Event detail for site: Llangua
c. 1337: Custody
During the Hundred Years War, the Crown took control of Lyreâ€™s properties.
Records drawn up at this time, but undated, mention that the abbot of Lyre held the church of Llangua ('Languen') in the diocese of Llandaff, drew a pension of 20s from the prior of Versen, a pension from the tithes in the parish of Troy of 40s pa, a portion (c. 20s) of the tithes of Strigoil; he drew Â£4 11s in temporalities at 'Languen' and received a total of Â£8 11s.
Hockey, S. F., 'Llangua, alien priory of Lyre', Journal of the Historical Society of the Church in Wales, 27 (1990) p. 11
The National Archives, 'Exchequer King's Remembrancer: Return of benefices held by alien religious, Llandaff, S Glamorgan', (Document),
Other events in the history of this site
pre 1183: Foundation - The priory was founded before 1183 when the manor and church of Llangua were granted to Lyre Abbey in Normandy, to establish an alien priory. [2 sources]
c.1268x1270: Patronage - Edmund (â€˜Crouchbackâ€™), earl of Lancaster and son of Henry III, instigated an enquiry concerning his rights over the priory as patron. [1 sources]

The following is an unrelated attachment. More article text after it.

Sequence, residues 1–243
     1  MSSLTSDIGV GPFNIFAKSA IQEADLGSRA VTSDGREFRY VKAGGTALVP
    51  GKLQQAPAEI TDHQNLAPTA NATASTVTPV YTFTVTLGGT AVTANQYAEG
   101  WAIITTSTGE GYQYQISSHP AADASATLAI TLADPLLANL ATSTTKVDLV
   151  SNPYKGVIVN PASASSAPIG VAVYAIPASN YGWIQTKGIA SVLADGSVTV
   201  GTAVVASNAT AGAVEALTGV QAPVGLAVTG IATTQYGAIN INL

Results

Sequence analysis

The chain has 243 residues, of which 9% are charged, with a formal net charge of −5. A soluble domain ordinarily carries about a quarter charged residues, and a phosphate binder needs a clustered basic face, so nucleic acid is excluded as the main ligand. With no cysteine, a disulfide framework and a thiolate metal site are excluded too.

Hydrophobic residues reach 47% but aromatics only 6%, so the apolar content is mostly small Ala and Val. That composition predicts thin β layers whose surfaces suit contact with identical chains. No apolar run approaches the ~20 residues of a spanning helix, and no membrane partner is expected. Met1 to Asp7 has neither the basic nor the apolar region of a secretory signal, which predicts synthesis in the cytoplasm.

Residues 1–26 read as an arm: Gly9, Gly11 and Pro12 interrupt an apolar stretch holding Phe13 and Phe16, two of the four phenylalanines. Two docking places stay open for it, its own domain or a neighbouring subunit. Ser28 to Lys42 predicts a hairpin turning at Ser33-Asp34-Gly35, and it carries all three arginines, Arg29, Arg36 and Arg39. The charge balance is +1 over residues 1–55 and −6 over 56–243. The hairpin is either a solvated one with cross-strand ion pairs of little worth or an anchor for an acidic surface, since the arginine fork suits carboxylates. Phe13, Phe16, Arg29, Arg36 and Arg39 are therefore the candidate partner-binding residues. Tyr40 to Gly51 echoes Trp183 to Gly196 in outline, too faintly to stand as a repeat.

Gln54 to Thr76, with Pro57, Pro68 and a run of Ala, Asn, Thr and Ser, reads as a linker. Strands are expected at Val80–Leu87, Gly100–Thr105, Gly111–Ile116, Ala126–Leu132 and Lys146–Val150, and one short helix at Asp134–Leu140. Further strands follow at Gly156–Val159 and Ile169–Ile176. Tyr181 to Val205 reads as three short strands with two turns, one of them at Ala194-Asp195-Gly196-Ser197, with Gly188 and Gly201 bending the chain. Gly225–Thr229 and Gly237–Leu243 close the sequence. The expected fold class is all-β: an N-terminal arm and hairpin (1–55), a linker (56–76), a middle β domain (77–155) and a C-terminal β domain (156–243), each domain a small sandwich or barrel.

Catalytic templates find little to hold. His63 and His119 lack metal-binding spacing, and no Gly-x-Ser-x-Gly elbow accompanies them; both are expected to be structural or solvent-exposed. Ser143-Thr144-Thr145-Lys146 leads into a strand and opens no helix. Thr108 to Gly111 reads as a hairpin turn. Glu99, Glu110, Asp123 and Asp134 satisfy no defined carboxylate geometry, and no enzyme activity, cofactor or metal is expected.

c.1291: Wealth - The Taxatio of Nicholas IV refers to the church of Llangua, held by the procurator of Lyre for 10s. [5 sources]
c.1300: Lands - In the fourteenth century Llangua's holdings in Wales were considered part of the Livers Ocle estate. [1 sources][1 archives]
c.1337: Custody - During the Hundred Years War, the Crown took control of Lyreâ€™s properties. [1 sources][1 archives]
1414: Ownership - Llangua was granted to the Carthusian house of Sheen. [2 sources]
c.1535: Wealth - According to the Valor Ecclesiasticus the manor of Llangua was valued at Â£2. [2 sources][1 archives]
1539: Dissolution - The Carthusian house of Sheen retained Langua and its other Welsh properties until its suppression in 1539. [1 sources]
© All material on this website is copyright Monastic Wales unless otherwise noted.